As part of our series looking into the lives of the RUSI members who were Victoria Cross holders and fell in the Great War, we profile Captain Garth Neville Walford.
Garth Neville Walford, an only son, was born on 27 May 1882 in Frimley, Surrey. He attended Harrow and, after winning the Sayer Scholarship, studied at Balliol College, Oxford. In 1902, Walford joined the Royal Artillery and three years later he was made second lieutenant.
In 1907, he married Betty Trefusis and they had two daughters.
At the outbreak of the First World War, Walford saw action in France, where he narrowly avoided enemy shells on two occasions: the first caused minor injuries to his arms, while the force of the second explosion knocked off his cap. Captain Garth Walford was awarded the Victoria Cross for his actions at Sedd el Bahr, Gallipoli, Turkey, on 26 April 1915 following the landing at V Beach on 25 April. The landing had been stalled by Turkish forces in strongly held positions on the high ground above the beach—leaving the British forces unable to either advance or retreat without suffering massive losses.
A plan was developed overnight, and the British forces attacked on three fronts in the early morning of 26 April 1915. Walford and his men were met by machine gun and sniper fire as they advanced into Sedd el Bahr. Walford saw that a group of men had come under heavy fire just as they reached the gate into the eastern side of the village. He went forward to lead them into the village, preventing their attack from losing impetus. It was at this postern gate that Walford was killed later that same day, as he led another group of men into the village. Y Company now engaged in a ferocious battle for control of the village where, as the Hampshires’ historian noted, ‘they met desperate resistance. The Turks contested every house and had to be ousted with the bayonet from one after another. Some lay quiet, concealed in cellars or ruins, till our men had passed by and then fired into their backs’.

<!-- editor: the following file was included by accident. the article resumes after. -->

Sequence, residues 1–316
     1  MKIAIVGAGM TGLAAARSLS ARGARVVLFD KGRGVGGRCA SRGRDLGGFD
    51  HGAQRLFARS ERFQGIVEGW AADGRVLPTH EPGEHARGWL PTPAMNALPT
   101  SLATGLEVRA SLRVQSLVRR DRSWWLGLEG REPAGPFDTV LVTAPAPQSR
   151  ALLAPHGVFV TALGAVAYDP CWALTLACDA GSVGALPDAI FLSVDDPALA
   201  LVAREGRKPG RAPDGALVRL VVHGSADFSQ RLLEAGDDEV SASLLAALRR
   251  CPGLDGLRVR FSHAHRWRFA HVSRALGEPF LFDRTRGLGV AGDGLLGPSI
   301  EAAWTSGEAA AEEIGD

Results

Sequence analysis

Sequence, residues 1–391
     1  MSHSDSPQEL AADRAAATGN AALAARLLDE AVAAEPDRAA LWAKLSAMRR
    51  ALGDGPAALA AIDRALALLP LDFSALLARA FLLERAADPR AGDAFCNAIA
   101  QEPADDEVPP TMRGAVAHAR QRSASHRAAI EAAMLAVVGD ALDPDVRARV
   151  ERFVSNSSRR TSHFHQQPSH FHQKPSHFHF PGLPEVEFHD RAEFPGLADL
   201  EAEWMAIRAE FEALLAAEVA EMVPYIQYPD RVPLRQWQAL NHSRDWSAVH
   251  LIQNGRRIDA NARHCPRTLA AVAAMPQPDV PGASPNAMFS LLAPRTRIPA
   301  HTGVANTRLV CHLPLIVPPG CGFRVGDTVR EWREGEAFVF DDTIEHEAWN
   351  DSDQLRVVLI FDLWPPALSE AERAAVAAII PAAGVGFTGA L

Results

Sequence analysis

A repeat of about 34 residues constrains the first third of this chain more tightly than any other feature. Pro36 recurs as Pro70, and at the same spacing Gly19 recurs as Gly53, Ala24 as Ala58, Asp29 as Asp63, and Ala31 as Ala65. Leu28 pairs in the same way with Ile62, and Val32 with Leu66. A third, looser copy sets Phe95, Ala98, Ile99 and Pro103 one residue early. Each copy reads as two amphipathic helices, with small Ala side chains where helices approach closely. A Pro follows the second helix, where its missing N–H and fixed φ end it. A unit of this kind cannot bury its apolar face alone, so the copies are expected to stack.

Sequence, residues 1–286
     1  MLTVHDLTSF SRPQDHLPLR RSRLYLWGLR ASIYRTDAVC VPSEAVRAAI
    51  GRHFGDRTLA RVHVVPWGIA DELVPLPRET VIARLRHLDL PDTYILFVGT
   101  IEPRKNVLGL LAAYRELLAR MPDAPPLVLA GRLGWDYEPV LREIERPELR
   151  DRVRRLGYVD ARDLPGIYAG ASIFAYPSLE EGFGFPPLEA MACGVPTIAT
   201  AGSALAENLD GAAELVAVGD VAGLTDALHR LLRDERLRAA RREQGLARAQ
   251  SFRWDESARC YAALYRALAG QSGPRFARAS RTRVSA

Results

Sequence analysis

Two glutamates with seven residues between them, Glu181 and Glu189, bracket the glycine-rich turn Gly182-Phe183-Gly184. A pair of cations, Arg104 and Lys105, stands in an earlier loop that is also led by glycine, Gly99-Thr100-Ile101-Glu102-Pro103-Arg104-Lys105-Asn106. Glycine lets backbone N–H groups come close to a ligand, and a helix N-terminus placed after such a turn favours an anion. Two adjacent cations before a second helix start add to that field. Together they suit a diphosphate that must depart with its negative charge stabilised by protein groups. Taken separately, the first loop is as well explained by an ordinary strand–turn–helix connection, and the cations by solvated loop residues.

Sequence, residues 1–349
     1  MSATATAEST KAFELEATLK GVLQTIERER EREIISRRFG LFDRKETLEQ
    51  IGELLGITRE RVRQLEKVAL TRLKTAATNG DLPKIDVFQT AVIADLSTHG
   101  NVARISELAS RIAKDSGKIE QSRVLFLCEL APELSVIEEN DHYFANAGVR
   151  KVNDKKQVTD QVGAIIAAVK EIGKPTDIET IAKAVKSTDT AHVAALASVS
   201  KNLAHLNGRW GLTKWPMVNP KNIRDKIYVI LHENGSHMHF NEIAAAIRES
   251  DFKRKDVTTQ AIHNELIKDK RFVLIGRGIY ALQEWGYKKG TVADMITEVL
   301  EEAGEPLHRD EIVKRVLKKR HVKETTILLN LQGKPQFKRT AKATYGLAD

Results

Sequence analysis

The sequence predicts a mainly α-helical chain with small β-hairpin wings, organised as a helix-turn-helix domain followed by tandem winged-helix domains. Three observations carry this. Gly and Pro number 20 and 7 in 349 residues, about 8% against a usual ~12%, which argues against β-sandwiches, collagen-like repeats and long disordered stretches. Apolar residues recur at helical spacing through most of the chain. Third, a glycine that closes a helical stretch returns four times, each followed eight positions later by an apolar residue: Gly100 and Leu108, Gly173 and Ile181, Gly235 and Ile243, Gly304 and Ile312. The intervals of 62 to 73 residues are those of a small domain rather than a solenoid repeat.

Walford’s colleague, Lieutenant Colonel C H M Doughty-Wylie, came ashore and took command. The village was eventually brought under British control and unfortunately Doughty-Wylie was also killed, by a shot to the head. Both Walford and Doughty-Wylie were awarded the VC for their actions that day in a joint citation, which was gazetted on 23 June 1915. A colleague wrote of them: ‘no honour could be too high for them … They achieved the impossible. They showed themselves Englishmen in the old mould. I esteem it an honour and a privilege to have known such gallant men’.
Walford was buried outside the walls of the old fort in Sedd el Bahr. His remains were later reinterred, and he is now buried in Gallipoli, Turkey, in the V Beach Cemetery, Row O, Grave 1. His VC is not publicly held.
Ashley Ryan is an RLMH volunteer and 2016 Trench Gascoigne Essay Prize third place winner.
This article is the seventh in a nine-part series to be published in the RUSI Library News.
Part I For Valour: The Victoria Cross, RUSI and the First World War
Part II Captain Charles ‘Fitz’ FitzClarence
Part III Brevet Major John Edmond ‘Johnnie’ Gough
Part IV Captain Francis Octavius Grenfell
Part V Major Charles Allix Lavington ‘Cal’ Yate
Part VI Lieutenant John Henry Stephen Dimmer
If you would like to learn more, go to https://RUSI.org/GreatWar
Kevin Brazier, The Complete Victoria Cross: A Full Chronological Record of All Holders of Britain's Highest
Award for Gallantry (Barnsley, South Yorkshire: Pen & Sword Military, 2010).
RUSI Journal, ‘Great War Stories: RUSI’s Fallen Members’ (Vol. 162, No. 3, June/July 2017), pp. 4–10.
Stephen Snelling, VCs of the First World War: Gallipolli (Stroud, Gloucestershire: The History Press, 2010).